Klarna is a financial platform that facilitates payments on behalf of other companies. It partners up with other businesses (mostly in the e-commerce space) to offer their customers the option to pay products after receiving them (via invoices).
The business model of Klarna is based on charging the businesses it works with a fixed as well as percentage fee for every successful payment. Partner companies include the likes of H&M, ASOS or Timberland.
Founded by two Swedish business students in 2005, the company has proven to be a great success. Klarna has raised a total of $460 million and is valued at $5.5 billion. Furthermore, revenues for 2018 exceeded $620 million on a profit of $12 million.
How Does Klarna Work?
Klarna is a payment service provider, which allows consumers to try out products before they pay for them. Klarna thereby partners up with retailers such as ASOS and H&M and handles the payment process on their behalf.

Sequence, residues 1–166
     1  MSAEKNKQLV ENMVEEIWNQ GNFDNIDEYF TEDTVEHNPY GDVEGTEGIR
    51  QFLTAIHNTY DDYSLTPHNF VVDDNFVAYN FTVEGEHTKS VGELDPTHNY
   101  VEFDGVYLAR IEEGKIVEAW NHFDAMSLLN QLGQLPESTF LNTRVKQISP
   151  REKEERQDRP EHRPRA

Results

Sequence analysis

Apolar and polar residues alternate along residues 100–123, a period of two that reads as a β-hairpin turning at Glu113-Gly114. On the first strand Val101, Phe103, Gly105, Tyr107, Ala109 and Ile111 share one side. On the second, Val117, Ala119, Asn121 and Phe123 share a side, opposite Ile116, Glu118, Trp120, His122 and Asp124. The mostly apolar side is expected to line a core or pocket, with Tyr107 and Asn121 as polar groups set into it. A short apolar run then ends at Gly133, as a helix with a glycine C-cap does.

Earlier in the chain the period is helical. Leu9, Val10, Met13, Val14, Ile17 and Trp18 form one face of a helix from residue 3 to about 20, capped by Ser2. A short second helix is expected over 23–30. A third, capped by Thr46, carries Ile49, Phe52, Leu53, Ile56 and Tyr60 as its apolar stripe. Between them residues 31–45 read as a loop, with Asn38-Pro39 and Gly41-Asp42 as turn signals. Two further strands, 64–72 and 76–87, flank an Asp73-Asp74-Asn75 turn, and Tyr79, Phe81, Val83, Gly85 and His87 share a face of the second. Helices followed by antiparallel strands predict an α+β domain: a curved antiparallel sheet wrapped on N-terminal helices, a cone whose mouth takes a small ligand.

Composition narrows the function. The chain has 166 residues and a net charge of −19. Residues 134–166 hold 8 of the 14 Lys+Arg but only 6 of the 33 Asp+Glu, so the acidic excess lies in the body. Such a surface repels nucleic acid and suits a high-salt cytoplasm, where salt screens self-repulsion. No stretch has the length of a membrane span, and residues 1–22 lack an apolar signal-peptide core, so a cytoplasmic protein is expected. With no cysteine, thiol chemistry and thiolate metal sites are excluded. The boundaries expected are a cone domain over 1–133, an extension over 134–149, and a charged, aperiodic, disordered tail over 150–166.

Consumers have the ability to choose from a set of different payment options ranging from paying directly (and up to 30 days later) to multiple interest-free rates. Payments can be made online (e.g. through PayPal), via bank transfer or the Klarna mobile app.
With bigger purchases, Klarna also allows you to finance with a maximum run rate of 36 months and multiple payment installments.
Consequently, Klarna does not charge the consumer but the retail stores it works with. There are no interest, fees or late charges. Payment approval for consumers depend on a soft credit check (without affecting your credit score), your credit history, age, salary and other factors.
So why would an online store give away shares of their revenue to have payments processed? Because, as the company states, having Klarna as your payment solutions leads to a 44% increase in orders (i.e. conversion rate) and 68% increase in order volume.
Another big advantage for the merchant is the fact that whether or not the customer ends up paying, Klarna already transfers the money for the transaction.
Lastly, Klarna also offers its merchants a set of tools to increase sales. These include:
- Business insights: a dashboard tool to analyze metrics such as the number of orders, weekly sales, or conversion rates
- On-site messaging: a chatting tool which allows merchants to answer their customer’s most pressing questions
A Quick History Of Klarna